The Ravens already have a league-leading 15 big catch plays of 25 yards or more. The second-place team? Cincinnati, with nine. (The Ravens do have a game up on everyone, having played Thursday). The Patriots have six.

Hey. Peyton Mannings in Foxboro next week.

Brandon Lloyd is tied for 6th in the NFL with 33 targeted passes. Reggie Wayne is first with 40.

So far this season, Tony Romo is 12-for-12 when the game is late and close according to Stats LLC. Tom Brady isnt in the top 20. And the 20th is at 47.1 (Josh Freeman, 8 for 17).

Jamaal Charles leads the NFL with 11 stuffed runs. Stevan Ridley is tied for second with nine.

Patriots sign TE Rob Housler to future contract

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Patriots sign TE Rob Housler to future contract

FOXBORO -- The Patriots have signed free-agent tight end Rob Housler to a future contract. The 6-foot-5, 250-pound target last played for the Bears but was released at the end of training camp.

Housler won't be eligible to participate with the Patriots during the postseason, but he will be available for the offseason program and training camp leading up to the 2017 campaign. 

Housler taken in the third round by the Cardinals with the 69th overall selection in 2011. In 65 career games, he has 109 catches for 1,166 yards and one touchdown. 

The Patriots may have been intrigued by Housler's skill set last summer when he caught one pass for 52 yards -- making two Patriots defenders miss in the process -- during a preseason game at Gillette Stadium. The Patriots and Bears held joint training camp practices in August that would have given Patriots coaches and scouts a closer look at everything Housler has to offer as a player. 

Housler was one of the better athletes at the NFL Scouting Combine in 2011, running a 4.55-second 40-yard dash (fastest among tight ends), posting a 6.9-second three-cone drill, and recording a 37-inch vertical leap.

Bill Belichick and his staff hit big on a future-contract signing two years ago when a running back with a significant injury history was available to scoop up at the behest of then-assistant to the coaching staff Michael Lombardi. Since then, the Patriots still have never lost with Dion Lewis in uniform. 

Edelman, Bennett marvel at Harrison's longevity

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Edelman, Bennett marvel at Harrison's longevity

FOXBORO -- On a daily basis, Patriots players are in the presence of perhaps the best late-30s player to ever lace up cleats. That's why it's noteworthy when those who inhabit the same locker room as Tom Brady marvel at another player playing at a high level despite being one of the oldest in the league.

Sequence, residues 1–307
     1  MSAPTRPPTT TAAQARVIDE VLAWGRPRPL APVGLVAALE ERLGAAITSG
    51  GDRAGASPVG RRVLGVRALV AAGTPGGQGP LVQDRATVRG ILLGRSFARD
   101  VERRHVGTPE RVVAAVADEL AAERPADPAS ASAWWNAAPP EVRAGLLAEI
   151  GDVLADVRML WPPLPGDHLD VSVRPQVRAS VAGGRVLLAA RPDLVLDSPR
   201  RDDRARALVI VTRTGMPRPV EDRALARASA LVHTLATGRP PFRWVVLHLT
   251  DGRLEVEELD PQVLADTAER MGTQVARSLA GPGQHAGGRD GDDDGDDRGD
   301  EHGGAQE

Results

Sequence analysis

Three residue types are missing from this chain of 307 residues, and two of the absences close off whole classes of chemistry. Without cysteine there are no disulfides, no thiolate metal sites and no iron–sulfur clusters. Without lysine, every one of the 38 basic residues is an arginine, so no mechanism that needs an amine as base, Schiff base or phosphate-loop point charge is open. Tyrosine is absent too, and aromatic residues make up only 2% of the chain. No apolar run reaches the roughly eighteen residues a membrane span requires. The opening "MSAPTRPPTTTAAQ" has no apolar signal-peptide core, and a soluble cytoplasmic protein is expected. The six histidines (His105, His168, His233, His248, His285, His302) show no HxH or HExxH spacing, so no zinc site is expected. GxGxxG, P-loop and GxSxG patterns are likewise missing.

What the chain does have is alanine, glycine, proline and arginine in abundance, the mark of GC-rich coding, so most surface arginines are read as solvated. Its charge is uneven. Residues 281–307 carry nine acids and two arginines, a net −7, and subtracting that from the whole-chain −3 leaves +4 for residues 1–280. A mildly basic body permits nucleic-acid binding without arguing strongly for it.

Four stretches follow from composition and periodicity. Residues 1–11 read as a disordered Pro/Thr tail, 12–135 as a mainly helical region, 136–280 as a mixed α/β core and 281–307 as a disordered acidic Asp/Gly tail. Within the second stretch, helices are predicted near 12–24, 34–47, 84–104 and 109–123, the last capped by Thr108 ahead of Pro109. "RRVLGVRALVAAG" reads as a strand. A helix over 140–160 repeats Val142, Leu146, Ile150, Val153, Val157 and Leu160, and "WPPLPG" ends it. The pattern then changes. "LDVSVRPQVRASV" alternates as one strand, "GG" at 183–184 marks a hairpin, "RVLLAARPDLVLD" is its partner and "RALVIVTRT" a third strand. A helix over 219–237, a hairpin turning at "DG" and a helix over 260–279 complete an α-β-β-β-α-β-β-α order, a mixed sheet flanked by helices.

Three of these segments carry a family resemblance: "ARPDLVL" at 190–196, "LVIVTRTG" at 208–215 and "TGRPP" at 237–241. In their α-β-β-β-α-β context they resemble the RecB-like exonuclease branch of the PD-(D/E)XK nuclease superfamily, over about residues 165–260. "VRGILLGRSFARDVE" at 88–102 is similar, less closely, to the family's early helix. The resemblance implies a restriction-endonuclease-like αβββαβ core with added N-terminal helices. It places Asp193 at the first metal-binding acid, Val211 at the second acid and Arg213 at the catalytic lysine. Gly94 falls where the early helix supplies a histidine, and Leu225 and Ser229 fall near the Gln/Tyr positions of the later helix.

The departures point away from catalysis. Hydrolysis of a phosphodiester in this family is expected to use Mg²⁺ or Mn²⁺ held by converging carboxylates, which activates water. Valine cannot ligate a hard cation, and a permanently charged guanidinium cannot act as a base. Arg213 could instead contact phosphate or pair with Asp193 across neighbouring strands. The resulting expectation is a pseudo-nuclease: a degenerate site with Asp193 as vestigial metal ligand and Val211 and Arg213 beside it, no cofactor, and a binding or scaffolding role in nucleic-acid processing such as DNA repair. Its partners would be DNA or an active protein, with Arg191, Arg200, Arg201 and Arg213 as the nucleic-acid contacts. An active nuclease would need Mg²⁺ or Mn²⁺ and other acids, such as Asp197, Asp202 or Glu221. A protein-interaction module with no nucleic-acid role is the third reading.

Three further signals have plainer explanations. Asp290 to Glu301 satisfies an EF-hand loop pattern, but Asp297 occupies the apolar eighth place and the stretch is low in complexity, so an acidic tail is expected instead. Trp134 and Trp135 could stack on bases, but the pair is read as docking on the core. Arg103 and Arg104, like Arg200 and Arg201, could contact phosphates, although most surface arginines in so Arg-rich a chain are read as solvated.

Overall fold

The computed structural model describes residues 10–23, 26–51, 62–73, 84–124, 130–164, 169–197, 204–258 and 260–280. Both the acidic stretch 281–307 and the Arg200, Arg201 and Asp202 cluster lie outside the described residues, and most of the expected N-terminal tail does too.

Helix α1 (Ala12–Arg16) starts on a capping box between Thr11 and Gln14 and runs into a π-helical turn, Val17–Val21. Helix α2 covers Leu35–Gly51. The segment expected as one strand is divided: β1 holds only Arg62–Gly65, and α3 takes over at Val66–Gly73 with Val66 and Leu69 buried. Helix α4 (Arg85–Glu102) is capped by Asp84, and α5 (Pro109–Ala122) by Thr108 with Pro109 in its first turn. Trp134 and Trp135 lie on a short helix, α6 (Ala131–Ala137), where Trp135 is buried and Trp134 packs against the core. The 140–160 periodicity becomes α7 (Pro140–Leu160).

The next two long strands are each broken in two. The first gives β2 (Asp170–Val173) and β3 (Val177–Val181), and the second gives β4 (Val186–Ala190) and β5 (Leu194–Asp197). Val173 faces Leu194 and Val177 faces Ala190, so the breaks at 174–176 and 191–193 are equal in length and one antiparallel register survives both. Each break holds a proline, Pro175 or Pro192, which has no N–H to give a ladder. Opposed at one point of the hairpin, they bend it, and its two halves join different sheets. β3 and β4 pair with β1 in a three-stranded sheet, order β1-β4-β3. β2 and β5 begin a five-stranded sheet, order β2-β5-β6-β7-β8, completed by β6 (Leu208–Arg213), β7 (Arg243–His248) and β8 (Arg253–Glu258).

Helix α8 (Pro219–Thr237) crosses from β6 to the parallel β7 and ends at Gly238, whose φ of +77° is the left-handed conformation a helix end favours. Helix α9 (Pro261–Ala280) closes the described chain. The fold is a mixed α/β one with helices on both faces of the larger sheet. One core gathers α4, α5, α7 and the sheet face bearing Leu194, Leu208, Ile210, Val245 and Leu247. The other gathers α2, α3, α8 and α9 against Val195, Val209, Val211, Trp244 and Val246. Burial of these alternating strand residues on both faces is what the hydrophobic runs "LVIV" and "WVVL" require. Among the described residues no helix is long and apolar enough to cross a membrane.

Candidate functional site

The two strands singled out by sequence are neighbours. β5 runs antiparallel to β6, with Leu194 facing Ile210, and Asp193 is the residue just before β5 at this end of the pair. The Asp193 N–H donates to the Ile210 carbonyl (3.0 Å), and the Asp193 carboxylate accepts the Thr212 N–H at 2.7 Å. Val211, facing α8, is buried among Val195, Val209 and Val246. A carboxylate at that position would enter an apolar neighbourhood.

That's exactly the case with Steelers linebacker James Harrison, 38, who is the oldest non-quarterback, non-kicker in the NFL. 

Since the Patriots last saw Harrison, he's become an every-down player for Pittsburgh's improving defense, missing just nine total defensive snaps for the Steelers since Week 14. He's saved his best football for the postseason -- three sacks, two quarterback hits and seven quarterback pressures in the last two weeks, per Pro Football Focus -- and the Patriots have noticed.

Julian Edelman, who wears the same Kent State t-shirt to every Patriots practice, raved about his "fellow Flash."

"He’s an unbelievable stud," Edelman said of Harrison, who went undrafted seven years before Edelman was taken in the seventh round. "The guy has been doing it consistently for a long time.

"I’ve been a huge fan of him before I got in the league, and just to see and kind of have an idea where he came from, it’s unbelievable to show how hard he’s worked to get to where he’s got. He’s a large man that is fast, explosive, and if he’s coming my way, it’s going to be a 'get down.' "

While Edelman will do his best to avoid the 6-foot, 242-pounder, Patriots tight end Martellus Bennett will likely be asked to block Harrison at some point. The Steelers defense will move Harrison to different spots at times, but he does much of his work on the outside where Bennett will be situated. 

"Harrison is playing well," Bennett said. "He’s almost as old as my pops, and he’s still playing like a beast out there."